- The truth about ammonia-free —Ammonia aids the coloring process because it opens the cuticle and swells the hair strands so that the color can penetrate to the cortex. Sans ammonia, color change may not be achieved or is mild and may require multiple applications. This is due in large part to the fact that the color more likely will coat the strands instead of being absorbed if there isn’t a stimulant used to open the cuticle. Be aware of ammonia substitutes like ethanolamine, monoethanolamine, or MEA; they are equally, if not more, damaging to the hair. But because it isn’t technically “Ammonia” the companies then mislead consumers and advertise as “Ammonia-free” to insinuate a level higher quality of safety.
- Understand your developer —Developer is the peroxide or oxidizing component to the color chemistry. All Permanent color comes with developer, which is the chemical that strips out your natural color and makes it possible for the artificial color to work its way into the cortex of the hair, where the color molecules live.
Places like Sally's Beauty supply offers the option to buy your desired hair color and then choose a developer: 10 volume, 20 volume, 30 volume, and 40 volume. With 10 being the slowest acting developer and 40 is the fastest. Think of the volume of your developer as the amount of lift or lightening you want to achieve. A volume of developer that is too high can result in unnecessary lightening and significant damage to the hair. On the other side, a volume that too low may prevent you from getting as light as you initially desired.
When going darker or changing the tone of your hair, like going reddish brown and one shade darker than your current color, 20 volume is a probably a good bet. When working with very fine and fragile hair or light, try to stick with10 volume. When highlighting very thick dark coarse hair, usually 30 or 40 volume is necessary.
So, to put it simply, 20 volume is a safe bet and if all this is over information and gibberish to you, consider going to a professional.
- Be aware of toning. Say you are already bleached blonde and you don't want a yellow blonde but a more icy blue blonde (yes that is a thing), toner helps achieve that.
- Avoid refreshing permanent color. Double processing because hair color that is dull or faded is not a good idea and may cause irreversible damage. Consider a semi-permanent rinse and hair revitalizing treatments.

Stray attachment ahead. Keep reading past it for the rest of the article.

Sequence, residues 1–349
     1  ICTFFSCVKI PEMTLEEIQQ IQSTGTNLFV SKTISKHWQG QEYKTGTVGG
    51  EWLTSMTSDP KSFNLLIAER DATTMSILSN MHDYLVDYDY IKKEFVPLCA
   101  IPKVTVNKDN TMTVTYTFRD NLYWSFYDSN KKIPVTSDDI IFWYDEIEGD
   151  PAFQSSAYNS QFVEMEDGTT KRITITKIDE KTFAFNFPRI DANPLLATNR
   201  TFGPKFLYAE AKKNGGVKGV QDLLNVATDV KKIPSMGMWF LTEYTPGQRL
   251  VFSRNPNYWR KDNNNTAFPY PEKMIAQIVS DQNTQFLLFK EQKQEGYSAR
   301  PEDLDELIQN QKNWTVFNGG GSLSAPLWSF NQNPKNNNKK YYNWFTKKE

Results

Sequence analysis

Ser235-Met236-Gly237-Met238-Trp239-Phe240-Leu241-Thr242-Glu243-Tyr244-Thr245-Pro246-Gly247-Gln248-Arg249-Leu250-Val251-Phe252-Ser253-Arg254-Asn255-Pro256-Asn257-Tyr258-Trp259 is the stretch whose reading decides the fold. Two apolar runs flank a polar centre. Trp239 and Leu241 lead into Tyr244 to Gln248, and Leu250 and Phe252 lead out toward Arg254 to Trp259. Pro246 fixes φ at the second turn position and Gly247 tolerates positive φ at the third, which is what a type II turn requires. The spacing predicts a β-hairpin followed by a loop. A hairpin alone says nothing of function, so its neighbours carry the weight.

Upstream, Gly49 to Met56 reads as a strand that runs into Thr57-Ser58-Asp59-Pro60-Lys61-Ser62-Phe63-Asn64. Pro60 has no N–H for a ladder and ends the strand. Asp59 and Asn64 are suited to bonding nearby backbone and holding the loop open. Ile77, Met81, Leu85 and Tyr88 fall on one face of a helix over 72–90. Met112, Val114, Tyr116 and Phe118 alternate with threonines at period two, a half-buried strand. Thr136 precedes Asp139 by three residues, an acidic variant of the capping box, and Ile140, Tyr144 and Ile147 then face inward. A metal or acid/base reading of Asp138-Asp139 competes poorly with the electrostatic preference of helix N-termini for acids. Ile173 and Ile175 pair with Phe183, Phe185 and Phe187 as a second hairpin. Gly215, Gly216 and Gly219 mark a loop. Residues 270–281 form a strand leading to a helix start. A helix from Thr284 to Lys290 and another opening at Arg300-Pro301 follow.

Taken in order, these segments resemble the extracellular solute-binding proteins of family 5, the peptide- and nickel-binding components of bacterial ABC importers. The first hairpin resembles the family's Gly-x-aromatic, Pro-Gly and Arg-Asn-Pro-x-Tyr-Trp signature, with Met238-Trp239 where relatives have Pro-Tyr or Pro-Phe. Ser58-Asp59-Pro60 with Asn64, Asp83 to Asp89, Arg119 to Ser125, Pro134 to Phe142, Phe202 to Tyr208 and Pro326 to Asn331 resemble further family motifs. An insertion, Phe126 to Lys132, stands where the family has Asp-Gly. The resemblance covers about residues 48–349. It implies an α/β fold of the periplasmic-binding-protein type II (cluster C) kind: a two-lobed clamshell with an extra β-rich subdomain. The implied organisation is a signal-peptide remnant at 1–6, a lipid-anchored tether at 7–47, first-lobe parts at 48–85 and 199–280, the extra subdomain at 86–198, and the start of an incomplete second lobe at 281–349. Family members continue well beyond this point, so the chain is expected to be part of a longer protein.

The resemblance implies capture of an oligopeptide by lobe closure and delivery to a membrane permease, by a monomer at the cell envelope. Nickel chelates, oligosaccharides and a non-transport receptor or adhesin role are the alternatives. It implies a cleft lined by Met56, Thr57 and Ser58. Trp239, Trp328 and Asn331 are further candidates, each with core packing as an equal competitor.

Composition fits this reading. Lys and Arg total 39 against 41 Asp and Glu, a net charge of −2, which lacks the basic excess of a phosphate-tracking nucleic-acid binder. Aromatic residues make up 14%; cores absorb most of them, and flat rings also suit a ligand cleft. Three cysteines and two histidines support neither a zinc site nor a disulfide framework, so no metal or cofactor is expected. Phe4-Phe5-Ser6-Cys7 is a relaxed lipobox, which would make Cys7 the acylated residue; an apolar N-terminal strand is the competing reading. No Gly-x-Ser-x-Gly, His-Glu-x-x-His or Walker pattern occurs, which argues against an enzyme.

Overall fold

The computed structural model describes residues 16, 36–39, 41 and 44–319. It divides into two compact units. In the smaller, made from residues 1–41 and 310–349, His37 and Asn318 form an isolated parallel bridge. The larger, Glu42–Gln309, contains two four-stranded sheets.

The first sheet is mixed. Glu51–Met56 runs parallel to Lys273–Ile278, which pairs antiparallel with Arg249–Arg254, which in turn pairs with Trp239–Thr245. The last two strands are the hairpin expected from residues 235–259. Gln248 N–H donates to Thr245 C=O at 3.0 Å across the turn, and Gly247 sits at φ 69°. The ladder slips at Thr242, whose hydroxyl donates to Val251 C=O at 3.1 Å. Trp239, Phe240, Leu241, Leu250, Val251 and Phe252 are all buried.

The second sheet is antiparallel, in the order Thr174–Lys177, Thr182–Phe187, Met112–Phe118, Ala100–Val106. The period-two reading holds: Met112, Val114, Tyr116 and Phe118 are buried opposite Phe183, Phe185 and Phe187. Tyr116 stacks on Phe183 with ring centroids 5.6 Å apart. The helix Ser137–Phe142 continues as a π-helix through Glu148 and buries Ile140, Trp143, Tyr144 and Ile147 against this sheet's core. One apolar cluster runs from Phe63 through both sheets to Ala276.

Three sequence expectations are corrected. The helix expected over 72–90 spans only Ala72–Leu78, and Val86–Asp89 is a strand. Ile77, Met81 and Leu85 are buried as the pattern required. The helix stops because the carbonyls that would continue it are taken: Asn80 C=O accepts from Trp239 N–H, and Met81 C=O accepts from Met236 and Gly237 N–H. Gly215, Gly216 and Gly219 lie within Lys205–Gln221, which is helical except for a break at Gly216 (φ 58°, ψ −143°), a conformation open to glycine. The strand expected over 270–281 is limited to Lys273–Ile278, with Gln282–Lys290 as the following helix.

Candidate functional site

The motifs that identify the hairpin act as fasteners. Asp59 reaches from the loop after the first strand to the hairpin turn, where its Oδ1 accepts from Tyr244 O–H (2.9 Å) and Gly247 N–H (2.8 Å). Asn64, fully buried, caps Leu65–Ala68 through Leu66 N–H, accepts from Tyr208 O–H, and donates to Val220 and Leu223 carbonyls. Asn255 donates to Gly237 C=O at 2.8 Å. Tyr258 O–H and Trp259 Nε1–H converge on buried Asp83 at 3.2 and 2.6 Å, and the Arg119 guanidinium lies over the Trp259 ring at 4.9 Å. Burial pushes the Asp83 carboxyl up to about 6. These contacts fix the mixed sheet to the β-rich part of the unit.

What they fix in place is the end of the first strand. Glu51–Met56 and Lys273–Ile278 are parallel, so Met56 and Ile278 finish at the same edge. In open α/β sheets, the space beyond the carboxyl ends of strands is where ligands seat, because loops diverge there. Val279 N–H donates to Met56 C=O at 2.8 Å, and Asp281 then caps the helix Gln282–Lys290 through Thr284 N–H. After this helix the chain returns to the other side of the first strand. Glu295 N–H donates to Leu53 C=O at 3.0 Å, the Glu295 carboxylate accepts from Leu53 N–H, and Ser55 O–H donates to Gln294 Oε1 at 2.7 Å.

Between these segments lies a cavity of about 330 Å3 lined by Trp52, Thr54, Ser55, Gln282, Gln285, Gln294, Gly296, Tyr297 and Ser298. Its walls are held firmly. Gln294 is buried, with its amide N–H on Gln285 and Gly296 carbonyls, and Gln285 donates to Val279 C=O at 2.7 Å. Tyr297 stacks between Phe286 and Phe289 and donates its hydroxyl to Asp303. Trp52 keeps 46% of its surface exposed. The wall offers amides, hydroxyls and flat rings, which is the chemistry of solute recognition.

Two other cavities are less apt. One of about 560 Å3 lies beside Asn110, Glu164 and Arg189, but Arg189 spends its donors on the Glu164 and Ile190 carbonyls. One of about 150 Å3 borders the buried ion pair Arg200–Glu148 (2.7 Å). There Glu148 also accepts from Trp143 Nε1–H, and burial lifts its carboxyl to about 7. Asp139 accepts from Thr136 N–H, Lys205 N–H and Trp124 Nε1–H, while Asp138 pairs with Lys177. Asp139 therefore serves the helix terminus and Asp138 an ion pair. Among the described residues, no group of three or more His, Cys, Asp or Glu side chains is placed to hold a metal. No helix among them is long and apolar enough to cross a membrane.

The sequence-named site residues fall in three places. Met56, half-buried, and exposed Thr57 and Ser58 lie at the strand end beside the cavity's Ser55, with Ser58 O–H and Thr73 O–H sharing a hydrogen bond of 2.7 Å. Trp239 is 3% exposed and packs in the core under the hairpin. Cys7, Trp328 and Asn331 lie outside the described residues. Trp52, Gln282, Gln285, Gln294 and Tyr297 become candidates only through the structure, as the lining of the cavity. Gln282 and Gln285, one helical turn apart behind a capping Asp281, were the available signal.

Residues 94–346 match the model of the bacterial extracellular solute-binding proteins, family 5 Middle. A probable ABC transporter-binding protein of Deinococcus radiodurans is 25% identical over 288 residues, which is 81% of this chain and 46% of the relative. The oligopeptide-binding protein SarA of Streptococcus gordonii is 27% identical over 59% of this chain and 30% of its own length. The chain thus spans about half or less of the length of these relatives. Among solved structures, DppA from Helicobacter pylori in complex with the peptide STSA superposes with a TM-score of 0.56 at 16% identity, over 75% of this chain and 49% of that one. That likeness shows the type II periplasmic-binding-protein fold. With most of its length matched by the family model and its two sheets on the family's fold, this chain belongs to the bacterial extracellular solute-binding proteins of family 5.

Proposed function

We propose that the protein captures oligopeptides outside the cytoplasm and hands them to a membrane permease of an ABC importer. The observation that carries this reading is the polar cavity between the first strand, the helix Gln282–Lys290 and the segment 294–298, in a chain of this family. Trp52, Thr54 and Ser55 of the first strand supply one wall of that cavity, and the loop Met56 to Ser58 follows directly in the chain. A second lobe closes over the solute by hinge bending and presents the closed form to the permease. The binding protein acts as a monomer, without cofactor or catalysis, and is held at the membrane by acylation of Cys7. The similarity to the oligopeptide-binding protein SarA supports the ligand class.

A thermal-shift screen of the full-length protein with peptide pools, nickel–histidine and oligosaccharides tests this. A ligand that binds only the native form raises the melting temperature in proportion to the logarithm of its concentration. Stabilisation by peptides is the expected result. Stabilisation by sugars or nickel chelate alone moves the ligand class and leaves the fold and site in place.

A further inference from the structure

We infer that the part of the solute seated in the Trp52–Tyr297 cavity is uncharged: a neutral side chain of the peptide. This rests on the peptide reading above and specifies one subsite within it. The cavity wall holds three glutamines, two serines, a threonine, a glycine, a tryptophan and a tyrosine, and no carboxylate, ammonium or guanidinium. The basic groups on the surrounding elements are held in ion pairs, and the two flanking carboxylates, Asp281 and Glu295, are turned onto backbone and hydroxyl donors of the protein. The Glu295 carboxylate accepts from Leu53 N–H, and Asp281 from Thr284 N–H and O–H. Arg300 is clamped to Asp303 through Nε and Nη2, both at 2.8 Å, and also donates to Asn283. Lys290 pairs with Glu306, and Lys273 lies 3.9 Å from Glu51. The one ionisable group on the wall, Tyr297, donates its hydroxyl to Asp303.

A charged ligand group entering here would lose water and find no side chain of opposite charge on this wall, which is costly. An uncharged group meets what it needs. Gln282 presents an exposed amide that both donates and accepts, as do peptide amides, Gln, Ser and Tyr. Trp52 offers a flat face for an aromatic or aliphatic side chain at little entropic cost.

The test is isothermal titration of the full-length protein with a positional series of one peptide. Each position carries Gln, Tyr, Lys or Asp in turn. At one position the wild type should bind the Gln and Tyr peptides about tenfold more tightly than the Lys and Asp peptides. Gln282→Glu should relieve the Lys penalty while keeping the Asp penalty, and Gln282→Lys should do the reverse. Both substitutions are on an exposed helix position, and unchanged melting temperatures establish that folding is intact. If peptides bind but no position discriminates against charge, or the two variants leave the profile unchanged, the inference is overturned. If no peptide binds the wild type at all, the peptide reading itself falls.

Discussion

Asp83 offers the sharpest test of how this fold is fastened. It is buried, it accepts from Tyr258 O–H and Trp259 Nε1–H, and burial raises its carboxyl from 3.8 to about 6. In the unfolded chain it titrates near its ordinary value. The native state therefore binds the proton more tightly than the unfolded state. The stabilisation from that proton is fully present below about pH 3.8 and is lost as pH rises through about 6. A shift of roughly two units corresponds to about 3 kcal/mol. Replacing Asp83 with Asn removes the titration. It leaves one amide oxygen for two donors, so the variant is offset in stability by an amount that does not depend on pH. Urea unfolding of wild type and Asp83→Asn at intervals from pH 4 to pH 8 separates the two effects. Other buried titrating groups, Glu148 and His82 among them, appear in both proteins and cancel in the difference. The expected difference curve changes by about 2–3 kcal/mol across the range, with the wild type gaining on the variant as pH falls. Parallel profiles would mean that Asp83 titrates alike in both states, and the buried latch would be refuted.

- Bleaching is not always necessary. In lieu of bleach/lightener, hair virgin to color can be lightened with peroxide, which can be slightly less harmful.
- Gray hair is more resistant to color. Using the right level of developer, allowing the right amount of time, and accounting for the lack of color pigment when changing to say a particular red or darker color.
- Prepare yourself for damage. Hair that is colored, more specifically lightened will likely be dryer, weaker, and likely thinner.
- Always strand test! This will give you an idea of color and time necessary to color. In the even the color is undesirable or you need to give another 10 minutes, the strand test will save you a bunch a heartache.
- Stay within two to three shades of your current hair color for best results, more drastic changes should most likely be done at the salon unless you have the experience or training to do so. (MY MISTAKE)
- Routinely deep condition before and after coloring hair to avoid dryness.
- Read the hair color box instructions prior to applying the hair color for more consistent, natural looking results
All I wanted was a patch of blonde Locs. Major crisis was averted though, I now have a patch of slightly reddish brown Locs. I can't do a whole head of non-black hair. For me, black hair is prosperity and comfort! I'm going to attempt again with #nutritint from whole foods. I will have a blonde patch!
You should avoid hair color if..
- Your hair is already damaged.
- You are more focused on healthy hair or hair growth journey.
- You don’t have much more time to spend on your hair.
Here is a little video from Naptural85 that breaks it down pretty well.